Yes and no. Australians are pretty switched on when it comes to eating and sourcing for the most part. Yes, lots of people still want tomatoes and asparagus all year round, and on one hand I’m torn because farmers need to make a living so if they can use polytunnels and be able to grow fruit and vegetables all year around, shouldn’t they take that opportunity? I think it’s important to be open to second grade fruit and vegetables —the imperfect picks. It blows my mind that if a carrot isn’t straight and orange, people won’t buy it.
On snacking at home on days off…
I try not to put any pressure on myself when I’m home — I give myself the freedom to cook with whatever I want and have in the kitchen. I like cooking Asian-inspired food, and I’m no expert, but I do find it light and refreshing after a few days at work tasting lots of rich foods. We recently bought a rice cooker and it has honestly been life-changing — so usually rice, tuna, avocado something green and some seaweed sheets! Oh, and we always have pickles, smoked almonds, and olives in the pantry.
Isobel’s Aged beef tartare
Tartare is a great dish for entertaining. They’re often put in the hard-work basket but with a few simple ingredients, you can so easily recreate restaurant-grade tartare at home. Produce is key here; please don’t buy your meat from Coles for this, and anything with age is worth it. I really like the rump for tartare — you can ask your butcher to remove the sinew parts, or with a very sharp knife you can do it home. Fresh eggs are also key as they’re served raw. In the restaurant, we use an egg yolk emulsion that brings this dish to life but you can omit this for a touch of Kewpie mayo instead.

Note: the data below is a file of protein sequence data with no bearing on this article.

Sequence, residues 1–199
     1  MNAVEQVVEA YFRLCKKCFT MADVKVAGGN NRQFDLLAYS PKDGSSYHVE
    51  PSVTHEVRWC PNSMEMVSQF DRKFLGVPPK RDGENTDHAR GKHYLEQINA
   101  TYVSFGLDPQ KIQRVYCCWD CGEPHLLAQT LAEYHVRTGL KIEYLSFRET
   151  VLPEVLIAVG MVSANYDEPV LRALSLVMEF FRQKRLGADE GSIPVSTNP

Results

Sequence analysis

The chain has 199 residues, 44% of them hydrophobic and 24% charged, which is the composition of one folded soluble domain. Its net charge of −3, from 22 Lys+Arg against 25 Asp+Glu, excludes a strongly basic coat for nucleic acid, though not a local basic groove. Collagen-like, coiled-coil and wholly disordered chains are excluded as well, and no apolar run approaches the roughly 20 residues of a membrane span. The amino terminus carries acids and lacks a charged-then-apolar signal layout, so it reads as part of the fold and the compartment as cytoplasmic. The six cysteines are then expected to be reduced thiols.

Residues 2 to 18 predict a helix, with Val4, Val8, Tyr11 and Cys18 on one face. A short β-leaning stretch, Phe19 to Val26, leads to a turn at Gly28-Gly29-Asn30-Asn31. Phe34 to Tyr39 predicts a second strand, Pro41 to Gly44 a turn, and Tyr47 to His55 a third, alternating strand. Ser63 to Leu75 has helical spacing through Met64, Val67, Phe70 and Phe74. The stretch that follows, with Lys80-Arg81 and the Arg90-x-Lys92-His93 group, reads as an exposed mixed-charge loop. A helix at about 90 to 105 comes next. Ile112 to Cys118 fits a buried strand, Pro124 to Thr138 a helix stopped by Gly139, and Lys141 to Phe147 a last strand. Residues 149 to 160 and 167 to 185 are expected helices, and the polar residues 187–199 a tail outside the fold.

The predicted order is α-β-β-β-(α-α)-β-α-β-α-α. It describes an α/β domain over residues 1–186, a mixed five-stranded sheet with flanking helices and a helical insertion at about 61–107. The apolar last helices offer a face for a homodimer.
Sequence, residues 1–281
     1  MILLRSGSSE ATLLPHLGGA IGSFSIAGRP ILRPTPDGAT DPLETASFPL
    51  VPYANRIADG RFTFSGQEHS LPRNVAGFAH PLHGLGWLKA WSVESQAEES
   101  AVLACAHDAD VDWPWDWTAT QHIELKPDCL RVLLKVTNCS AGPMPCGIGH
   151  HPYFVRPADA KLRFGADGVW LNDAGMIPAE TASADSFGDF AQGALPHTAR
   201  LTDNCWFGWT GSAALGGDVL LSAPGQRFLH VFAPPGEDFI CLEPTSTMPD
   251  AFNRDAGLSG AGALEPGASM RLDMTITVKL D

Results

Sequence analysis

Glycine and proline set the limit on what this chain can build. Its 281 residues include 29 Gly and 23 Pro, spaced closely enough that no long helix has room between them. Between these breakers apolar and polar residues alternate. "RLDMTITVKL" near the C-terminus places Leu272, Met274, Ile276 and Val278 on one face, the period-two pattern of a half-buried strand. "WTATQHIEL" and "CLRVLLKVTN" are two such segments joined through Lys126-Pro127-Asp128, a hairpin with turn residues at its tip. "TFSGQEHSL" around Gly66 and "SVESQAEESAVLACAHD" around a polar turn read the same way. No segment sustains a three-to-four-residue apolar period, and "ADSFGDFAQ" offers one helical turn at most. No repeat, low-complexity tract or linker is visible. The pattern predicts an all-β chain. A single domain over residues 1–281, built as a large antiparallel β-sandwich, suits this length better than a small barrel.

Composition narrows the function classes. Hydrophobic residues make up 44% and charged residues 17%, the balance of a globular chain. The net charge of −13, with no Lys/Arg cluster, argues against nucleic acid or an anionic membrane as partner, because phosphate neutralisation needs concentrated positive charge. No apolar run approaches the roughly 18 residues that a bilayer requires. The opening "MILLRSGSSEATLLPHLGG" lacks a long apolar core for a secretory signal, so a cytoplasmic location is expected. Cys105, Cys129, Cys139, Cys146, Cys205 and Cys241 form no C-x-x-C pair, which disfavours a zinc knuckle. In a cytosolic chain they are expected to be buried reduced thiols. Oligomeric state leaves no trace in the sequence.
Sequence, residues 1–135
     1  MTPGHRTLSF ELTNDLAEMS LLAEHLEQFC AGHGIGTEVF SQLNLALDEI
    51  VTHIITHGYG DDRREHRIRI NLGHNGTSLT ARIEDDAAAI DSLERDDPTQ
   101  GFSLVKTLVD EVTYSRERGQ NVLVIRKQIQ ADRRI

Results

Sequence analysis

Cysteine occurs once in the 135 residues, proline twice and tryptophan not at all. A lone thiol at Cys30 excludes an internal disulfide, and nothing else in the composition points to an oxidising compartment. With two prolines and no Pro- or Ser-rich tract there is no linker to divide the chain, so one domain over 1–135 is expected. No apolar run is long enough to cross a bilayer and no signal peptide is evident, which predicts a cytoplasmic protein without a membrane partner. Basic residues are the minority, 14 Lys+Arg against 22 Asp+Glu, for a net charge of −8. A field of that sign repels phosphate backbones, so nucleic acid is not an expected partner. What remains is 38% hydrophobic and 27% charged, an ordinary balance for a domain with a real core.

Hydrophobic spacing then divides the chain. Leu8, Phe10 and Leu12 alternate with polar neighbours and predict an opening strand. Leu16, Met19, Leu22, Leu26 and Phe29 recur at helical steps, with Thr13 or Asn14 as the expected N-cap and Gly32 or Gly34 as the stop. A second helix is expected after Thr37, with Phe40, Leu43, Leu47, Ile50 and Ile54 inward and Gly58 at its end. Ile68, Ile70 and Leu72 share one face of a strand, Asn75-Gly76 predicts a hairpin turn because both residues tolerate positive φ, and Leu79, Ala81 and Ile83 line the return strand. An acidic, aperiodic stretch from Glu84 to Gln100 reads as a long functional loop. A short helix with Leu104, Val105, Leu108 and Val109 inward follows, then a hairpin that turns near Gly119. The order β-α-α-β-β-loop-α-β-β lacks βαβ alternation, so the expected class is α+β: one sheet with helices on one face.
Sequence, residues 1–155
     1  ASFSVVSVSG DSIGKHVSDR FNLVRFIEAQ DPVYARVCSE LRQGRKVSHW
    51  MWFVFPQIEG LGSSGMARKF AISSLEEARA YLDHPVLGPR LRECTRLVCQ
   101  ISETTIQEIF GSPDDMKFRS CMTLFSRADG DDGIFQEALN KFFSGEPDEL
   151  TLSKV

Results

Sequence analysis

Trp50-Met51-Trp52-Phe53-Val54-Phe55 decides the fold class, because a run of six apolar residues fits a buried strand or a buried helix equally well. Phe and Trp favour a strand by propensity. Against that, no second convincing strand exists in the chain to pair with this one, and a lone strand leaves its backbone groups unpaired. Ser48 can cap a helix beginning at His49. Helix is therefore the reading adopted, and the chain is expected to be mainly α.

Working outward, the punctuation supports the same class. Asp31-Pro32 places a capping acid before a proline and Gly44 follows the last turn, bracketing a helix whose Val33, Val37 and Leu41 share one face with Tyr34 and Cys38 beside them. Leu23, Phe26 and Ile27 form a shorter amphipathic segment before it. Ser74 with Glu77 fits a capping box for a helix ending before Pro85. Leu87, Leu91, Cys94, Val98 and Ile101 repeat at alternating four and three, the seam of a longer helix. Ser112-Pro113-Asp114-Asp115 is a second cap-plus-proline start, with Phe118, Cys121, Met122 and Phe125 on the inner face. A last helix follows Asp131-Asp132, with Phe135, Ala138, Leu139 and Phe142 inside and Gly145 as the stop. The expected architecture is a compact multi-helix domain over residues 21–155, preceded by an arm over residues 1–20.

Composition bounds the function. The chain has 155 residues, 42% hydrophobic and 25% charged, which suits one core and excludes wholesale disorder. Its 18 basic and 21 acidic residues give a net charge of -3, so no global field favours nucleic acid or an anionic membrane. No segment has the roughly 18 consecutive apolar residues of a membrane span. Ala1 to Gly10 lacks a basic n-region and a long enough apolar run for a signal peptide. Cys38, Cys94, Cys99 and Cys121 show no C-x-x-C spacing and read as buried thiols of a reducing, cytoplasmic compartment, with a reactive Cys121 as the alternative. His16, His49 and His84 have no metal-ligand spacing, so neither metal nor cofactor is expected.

For the tartare
100g rump aged beef if possible (diced very small)
20g chopped parsley
30g chopped gherkin & capers
1 tsp maple syrup
1 tsp Dijon mustard
2 tsp fermented hot sauce
1 tbsp egg emulsion (if you don’t want to make an emulsion, Kewpie mayo is great here, too)
Salt and pepper to taste
1 tsp finely chopped shallot or white onion
1 egg yolk (fresh eggs are crucial)
50g cheese for (Comté or Manchego work really well here)
Have everything chopped and ready to go—it makes it much easier to be able to simply assemble if your prep is done.
Place a mixing bowl over another bowl that’s filled with ice to keep the meat cold while you work.
Add ingredients into the bowl and mix well, creating an almost emulsion-like texture. Taste for seasoning, adjusting with salt if you need.
Spoon mixture into serving bowl and make an indentation with the back of a spoon for the egg yolk (take care cracking and handling the yolk, you want your guests to have the yolk cracking moment!).
Use a microplane to grate cheese over the top and serve with stale bread ends either lightly toasted or grilled.